Christmas,  Gratitude

The Secret Society of Christmas Anxiety: How to Calm the Expectations


No pressure, but have you poured your own candles with beeswax from your backyard colony yet?

…gotten your hollyhock dipped and your mattress flipped?

…added plumbing to your gingerbread house?

…drained your hot tub and refilled it with mulled cider, orange slices and cinnamon sticks?

Is there a wreath on your grill and a candle on your sill?

…gold glitter on your babysitter?

…a candy cane on your windowpane?

…jingle bells on your dusted shelves?

Good tidings, no.

Martha Stewart’s still alive and well, but let’s all give an eight-clap to the fact we don’t live in the ‘90s anymore.

If she wants to stencil her driveway, God bless her. When I wrote Christmas Card Burnout, all about expectations and guilt, I mentioned the unrealistic superwoman I kind of admire and mostly don’t.

She’s talented, yes, but she also claims Snoop Dogg and 141 minions helping behind the scenes.

At last count I claim one dog and zero minions.

You’re talented, too. But if dealing with plastic icicles, green holly, red hats, ugly sweaters, cushy slippers, and miles of wrapping has your tinsel in a tangle, maybe it’s time to retreat.

Like, bail out and return in twenty-eighteen? Okay!

No. More like step back, re-evaluate, decide what’s truly important and nix the rest. I promise not to sing Let It Go if you promise to let something go.


The Secret Society

Are you getting on a plane for Christmas? With all you’ve chosen to do between now and then, the thought of just getting to the safety talk might make you reach for a barf bag and attempt to breathe naturally.

Once you wrestle with the overhead compartment, bump your head and flop into your cramped seat, feel free to sigh and let your eyeballs roll on back. You made it! Christmas didn’t get the best of you!

Okay, maybe it did. But you can totally get it back by reverse-engineering now before your present becomes your past.

Somehow the majority of us signed up for this secret society that tells we should be doing 73 Christmas things really well, while attempting to hold our families together in coordinating colors and displaying glittery joy.

I’d like to whack the founder of such a club. Does this person have any clue how much anxiety surfaces each December as a result of their entrepreneurial stunt?

Of course it’s my fault for joining the society. I willingly provided my name and address, unaware of the chaos it would bring.

But it ends here. I’m deciding today to move forward with a broader picture in mind, resisting the urge to argue my own potential points and be grateful for what I have.

“Are you clothed and fed with shelter overhead?”

Well, yes, but I wore these same duds in 2014. Must. Shop. 


“Do you have enough money to buy a few Christmas presents?”

I guess so. But it’s not like I can buy what I really want.


“Will there be meat in your Christmas dinner?”

Of course. Except for my cousin Rainbow’s plate—she’s a Primal Veganista with Keto tendencies, but we still let her sit at the adult table.


Three yeses puts us all in the wealthy category, so it’s time to ditch the griping and move on to our impending schedules and high expectations.


Crazy Calendars, Loco Lists

While brainstorming this post, I asked a friend for her thoughts on the Christmas crazy cycle. I admire her articulate response:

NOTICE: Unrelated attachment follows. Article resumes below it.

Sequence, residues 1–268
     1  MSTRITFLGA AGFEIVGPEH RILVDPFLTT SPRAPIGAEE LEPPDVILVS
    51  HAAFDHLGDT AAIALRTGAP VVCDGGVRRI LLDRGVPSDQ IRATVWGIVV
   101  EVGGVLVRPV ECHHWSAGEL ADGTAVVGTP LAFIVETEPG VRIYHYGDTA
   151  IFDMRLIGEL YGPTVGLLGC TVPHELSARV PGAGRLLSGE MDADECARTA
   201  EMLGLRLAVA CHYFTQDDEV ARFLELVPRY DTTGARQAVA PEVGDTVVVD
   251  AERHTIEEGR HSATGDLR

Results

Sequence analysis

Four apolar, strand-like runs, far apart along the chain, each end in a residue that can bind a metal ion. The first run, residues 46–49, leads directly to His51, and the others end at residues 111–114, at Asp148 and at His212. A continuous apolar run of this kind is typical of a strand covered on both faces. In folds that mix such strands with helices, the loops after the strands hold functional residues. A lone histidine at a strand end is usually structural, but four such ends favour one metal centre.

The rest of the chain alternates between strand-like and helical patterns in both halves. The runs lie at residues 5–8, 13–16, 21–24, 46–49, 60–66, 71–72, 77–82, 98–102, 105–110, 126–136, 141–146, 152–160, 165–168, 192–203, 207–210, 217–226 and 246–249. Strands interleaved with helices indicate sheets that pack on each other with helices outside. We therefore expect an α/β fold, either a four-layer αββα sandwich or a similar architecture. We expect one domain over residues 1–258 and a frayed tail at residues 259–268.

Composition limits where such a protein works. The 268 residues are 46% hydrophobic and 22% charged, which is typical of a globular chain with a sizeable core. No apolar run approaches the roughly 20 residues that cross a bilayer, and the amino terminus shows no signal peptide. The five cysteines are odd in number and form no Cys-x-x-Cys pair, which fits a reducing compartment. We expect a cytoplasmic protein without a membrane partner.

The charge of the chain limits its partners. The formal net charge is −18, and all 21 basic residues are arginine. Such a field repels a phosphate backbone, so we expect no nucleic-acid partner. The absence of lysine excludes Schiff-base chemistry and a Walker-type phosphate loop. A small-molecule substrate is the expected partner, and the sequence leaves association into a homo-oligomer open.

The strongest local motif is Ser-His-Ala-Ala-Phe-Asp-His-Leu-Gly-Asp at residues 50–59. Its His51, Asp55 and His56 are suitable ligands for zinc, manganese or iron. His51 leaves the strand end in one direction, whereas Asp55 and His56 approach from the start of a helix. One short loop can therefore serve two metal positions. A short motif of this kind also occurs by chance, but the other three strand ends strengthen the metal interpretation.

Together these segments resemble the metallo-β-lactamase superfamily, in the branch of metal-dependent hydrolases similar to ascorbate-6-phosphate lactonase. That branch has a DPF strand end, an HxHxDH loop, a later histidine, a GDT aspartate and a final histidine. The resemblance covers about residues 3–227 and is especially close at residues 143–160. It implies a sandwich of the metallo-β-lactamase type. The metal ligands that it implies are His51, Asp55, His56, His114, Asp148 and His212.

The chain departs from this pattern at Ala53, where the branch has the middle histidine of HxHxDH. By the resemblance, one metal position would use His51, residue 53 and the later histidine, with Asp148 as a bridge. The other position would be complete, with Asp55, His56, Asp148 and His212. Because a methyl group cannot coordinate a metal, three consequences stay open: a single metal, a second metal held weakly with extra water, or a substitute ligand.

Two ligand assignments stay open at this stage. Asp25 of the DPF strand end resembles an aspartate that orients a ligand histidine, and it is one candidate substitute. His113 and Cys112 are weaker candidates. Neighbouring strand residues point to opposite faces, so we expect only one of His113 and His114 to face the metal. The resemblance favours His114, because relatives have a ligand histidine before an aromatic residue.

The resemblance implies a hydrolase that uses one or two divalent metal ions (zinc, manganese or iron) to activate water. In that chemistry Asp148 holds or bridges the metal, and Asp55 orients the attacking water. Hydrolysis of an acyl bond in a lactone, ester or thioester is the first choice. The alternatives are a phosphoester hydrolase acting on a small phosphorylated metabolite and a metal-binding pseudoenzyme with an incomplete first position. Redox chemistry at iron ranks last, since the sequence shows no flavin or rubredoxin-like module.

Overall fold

“I sat here today, baffled, realizing I have events every single weekend the entire month of December. And I thought, Why is so much planned and happening in December? It’s like this every year and it’s exhausting! 

But the more I thought about it the more I realized it’s my problem. It’s because I can’t say no. I deal with this all year but for some reason, in the season of giving and joy and serving others I feel even more obligated to say yes.

Doing Angel Tree is a good thing. Hosting the family Christmas Party is a good thing. There are lots of good things I’m doing, but I have to ask myself if that’s really the point of the holiday season. I think I lost my perspective of the Silent, Holy Night.”

Photo by Greyson Joralemon

She’s right on both sides. It’s a choice.

Buying Kenyan goats in someone’s name is creative and generous.

Filling a shoebox with practical goodies would make a kid’s day.

Donating to Wounded Warrior in honor of a vet is needed.

Purchasing a toy for a tot would be nice of you.

Decorating a table for your church’s Christmas dessert sounds fabulous.

Doing all five in a three-week window? Not fabulous.

Of course if you’re responsible for no one, independently wealthy, and your Christmas gifts are already wrapped, knock yourself out and dig in.

The rest of us will be rocking in a round room, looking for the corner and sucking our thumbs.


Christmas Alternatives for the Harried

  1. Instead of taking 723 cookies to all the neighbors in a half-mile radius, take one plate to your local firemen. We did this every year growing up and loved it! After extinguishing fires and rescuing drunks out of trees, they’re grateful for homemade goodness.
  2. Pass on new decorations–you probably have enough. Spoiler alert: they’ll be on clearance in three weeks.
  3. Our church puts on a fantastic Christmas concert, but if your family hates them and you’re going out of guilt….
  4. The wearing-matching-scarves-and-sipping-hot-cocoa-while-ice-skating tradition may look rad on social media, but if you’re sick of freezing your pompoms off and landing on your keister, consider skipping a year. Or three.
  5. Buy a smaller tree. Save money, save time, save money, save time.
  6. The annual Christmas parade could fire up the joy, yes. Does the thought of finding a parking spot make your spouse’s blood boil though? Are your kids bored stiff after float #3? Does the sound system remind you of a dying water buffalo? For the love of cold weather expectations, feel the freedom to skip the parade and get cozy at home.
  7. Draw names. This new tradition in our family requires less time and less pesos, and I can’t even explain the absence of stress while only buying for one family member. It’s truly glorious… in excelsis deo. Plus, by focusing on only one person, you can actually buy them a killer gift instead of buying 23 people five-dollar landfill goodies.


In Closing…

Please give yourself a break this year, please cut yourself some slack.

Put down the shiny, twelve-foot sleigh, and save your Christmas back.